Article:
In The Da Vinci Code, author Dan Brown says Constantine edited and produced the Bible in AD 325 in order to suppress goddess worship, especially the worship of Mary Magdalene as a god.  But consider the historical evidence:
   Apostolic Fathers quote the four New Testament Gospels & Epistles of Paul as authoritative...
Clement of Rome AD 95 Rome
Polycarp AD 110 Smyrna (Western Turkey)
Ignatius AD 115 Antioch (Syria)
Shepherd of Hermas AD 150 Rome
Didache ("teaching of the 12 Apostles" = catechism) Earliest copy:
AD 150
Some scholars date parts as early as AD 50.

The Apologist quoted both OT and NT Scripture against heretical movements:

Justin Martyr

AD 170

Born in Sameria; lived in Rome


AD 177

Smyrna (Western Turkey)


AD 200

Carthage (North Africa)


AD 235

Smyrna (Western Turkey)

Clement of Alexandria

AD 200


Constantine’s reign AD 306-337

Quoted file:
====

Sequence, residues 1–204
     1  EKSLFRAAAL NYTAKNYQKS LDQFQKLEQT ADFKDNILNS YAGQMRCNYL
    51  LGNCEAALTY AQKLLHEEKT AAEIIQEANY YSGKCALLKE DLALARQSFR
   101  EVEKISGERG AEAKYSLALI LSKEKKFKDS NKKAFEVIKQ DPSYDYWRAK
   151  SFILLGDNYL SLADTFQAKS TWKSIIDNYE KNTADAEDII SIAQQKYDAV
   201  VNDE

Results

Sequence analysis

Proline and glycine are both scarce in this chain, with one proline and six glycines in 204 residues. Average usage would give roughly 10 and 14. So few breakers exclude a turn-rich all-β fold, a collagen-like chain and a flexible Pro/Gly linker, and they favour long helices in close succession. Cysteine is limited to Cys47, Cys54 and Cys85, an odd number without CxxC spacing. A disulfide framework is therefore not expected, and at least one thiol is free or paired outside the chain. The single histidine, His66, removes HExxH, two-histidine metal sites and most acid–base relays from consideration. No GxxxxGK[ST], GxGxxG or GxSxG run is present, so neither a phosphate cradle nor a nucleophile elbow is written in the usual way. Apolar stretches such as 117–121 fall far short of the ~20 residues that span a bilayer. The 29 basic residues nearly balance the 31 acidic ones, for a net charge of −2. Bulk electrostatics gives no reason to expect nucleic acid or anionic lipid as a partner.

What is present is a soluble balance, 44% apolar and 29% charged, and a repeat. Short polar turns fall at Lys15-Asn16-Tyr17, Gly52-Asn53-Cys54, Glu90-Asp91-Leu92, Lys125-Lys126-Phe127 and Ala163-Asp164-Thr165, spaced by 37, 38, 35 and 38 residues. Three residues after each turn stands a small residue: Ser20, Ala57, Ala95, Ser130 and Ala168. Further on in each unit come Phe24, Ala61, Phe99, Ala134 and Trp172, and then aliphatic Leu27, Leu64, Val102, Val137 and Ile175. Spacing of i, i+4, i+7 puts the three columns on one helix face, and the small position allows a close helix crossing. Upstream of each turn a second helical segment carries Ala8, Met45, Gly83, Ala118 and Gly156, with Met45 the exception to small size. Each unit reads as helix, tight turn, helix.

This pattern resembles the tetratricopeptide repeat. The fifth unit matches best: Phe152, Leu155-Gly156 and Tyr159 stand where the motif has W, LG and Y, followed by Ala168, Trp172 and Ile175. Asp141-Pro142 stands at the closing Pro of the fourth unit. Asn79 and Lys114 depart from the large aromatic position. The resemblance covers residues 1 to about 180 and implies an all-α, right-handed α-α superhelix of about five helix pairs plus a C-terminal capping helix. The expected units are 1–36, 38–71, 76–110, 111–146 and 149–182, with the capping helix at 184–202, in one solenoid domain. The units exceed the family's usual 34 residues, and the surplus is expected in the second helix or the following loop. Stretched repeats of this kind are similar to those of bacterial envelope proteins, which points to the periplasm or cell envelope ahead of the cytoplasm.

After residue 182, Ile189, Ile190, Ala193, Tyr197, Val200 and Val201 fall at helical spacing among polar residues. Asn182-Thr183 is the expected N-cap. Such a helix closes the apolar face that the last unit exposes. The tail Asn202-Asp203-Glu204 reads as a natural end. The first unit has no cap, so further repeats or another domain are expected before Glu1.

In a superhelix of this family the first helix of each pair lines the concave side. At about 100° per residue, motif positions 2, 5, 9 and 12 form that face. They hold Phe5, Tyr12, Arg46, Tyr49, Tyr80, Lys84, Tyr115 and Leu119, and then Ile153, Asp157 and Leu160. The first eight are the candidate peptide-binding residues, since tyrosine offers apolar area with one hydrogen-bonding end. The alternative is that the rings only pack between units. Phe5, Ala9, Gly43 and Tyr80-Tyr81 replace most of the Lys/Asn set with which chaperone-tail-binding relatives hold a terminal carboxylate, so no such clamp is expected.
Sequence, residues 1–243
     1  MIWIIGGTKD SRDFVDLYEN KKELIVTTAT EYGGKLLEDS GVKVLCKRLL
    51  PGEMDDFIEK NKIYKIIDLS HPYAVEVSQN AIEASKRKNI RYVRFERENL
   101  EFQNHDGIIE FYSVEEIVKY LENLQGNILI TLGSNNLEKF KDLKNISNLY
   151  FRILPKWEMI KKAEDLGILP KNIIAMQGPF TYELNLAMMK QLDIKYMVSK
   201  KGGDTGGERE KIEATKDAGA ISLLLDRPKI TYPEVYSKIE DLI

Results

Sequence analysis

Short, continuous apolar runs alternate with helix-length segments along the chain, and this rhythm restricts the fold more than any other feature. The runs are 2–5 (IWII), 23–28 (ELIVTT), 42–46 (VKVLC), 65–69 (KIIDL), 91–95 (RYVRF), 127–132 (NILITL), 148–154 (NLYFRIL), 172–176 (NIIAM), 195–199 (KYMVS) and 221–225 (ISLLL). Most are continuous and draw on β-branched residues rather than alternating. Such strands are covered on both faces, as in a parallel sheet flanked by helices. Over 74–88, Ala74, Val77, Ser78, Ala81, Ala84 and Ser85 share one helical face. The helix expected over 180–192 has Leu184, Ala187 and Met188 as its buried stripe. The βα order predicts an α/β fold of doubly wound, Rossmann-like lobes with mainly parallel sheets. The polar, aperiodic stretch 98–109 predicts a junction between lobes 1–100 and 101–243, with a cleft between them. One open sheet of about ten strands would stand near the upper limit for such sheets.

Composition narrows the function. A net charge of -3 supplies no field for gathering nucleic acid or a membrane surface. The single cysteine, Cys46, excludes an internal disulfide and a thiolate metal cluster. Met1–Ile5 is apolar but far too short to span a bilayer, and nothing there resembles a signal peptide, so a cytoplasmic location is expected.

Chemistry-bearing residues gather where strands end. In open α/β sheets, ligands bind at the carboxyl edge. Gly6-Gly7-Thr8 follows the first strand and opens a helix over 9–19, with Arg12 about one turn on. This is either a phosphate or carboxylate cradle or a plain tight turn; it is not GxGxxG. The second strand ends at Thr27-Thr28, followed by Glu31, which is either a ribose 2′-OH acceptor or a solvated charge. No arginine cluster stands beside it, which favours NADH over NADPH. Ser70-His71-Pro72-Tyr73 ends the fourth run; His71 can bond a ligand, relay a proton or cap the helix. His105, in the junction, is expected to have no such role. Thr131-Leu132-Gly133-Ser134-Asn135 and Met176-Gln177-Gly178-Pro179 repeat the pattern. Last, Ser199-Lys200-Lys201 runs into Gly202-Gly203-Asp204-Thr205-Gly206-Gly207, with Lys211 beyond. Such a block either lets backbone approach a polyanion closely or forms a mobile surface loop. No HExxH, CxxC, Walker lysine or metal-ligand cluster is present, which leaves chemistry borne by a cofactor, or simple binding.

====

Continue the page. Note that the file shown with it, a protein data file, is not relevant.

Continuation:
Council of Nicea AD 325

Obviously Christians Central and Eastern Europe and Northern Africa, were reading the Bible, and they considered the New Testament books authoritative long before Constantine was even born.

Purpose of the Council of Nicea was to deal with Christology of Arianism (which loosely resembles today's teaching of the Jehovah's Witnesses), not to "vote" on which books to include in the Bible.  Rather, Scripture was cited at the Council as evidence against the heresy.  Dan Brown is right in claiming that the Council of Nicea voted to affirm the Biblical doctrine that Jesus Christ is True God.  However, Brown claims that the vote was "relatively close."  The actual vote was 298 for; 2 against.   (The city of Nicea is located in Western Turkey.)

Click here for further examination of the reliability of New Testament. 

The Da Vinci Code says that Israel had female god named "Shekinah."   Is that true?

This is a popular theory that was made up from thin air.  "Shekinah" is a feminine sounding name to Americans in the 21st Century.  But even a beginner in the study of the Hebrew language has the tools to research the meaning and origin of the word "shekinah."

As every student of Hebrew knows, the root of nearly every Hebrew word is a verb composed of three consonants.  If you want to look up a Hebrew noun, adjective, or adverb in the lexicon (dictionary), you need to know the root verb from which the word is derived.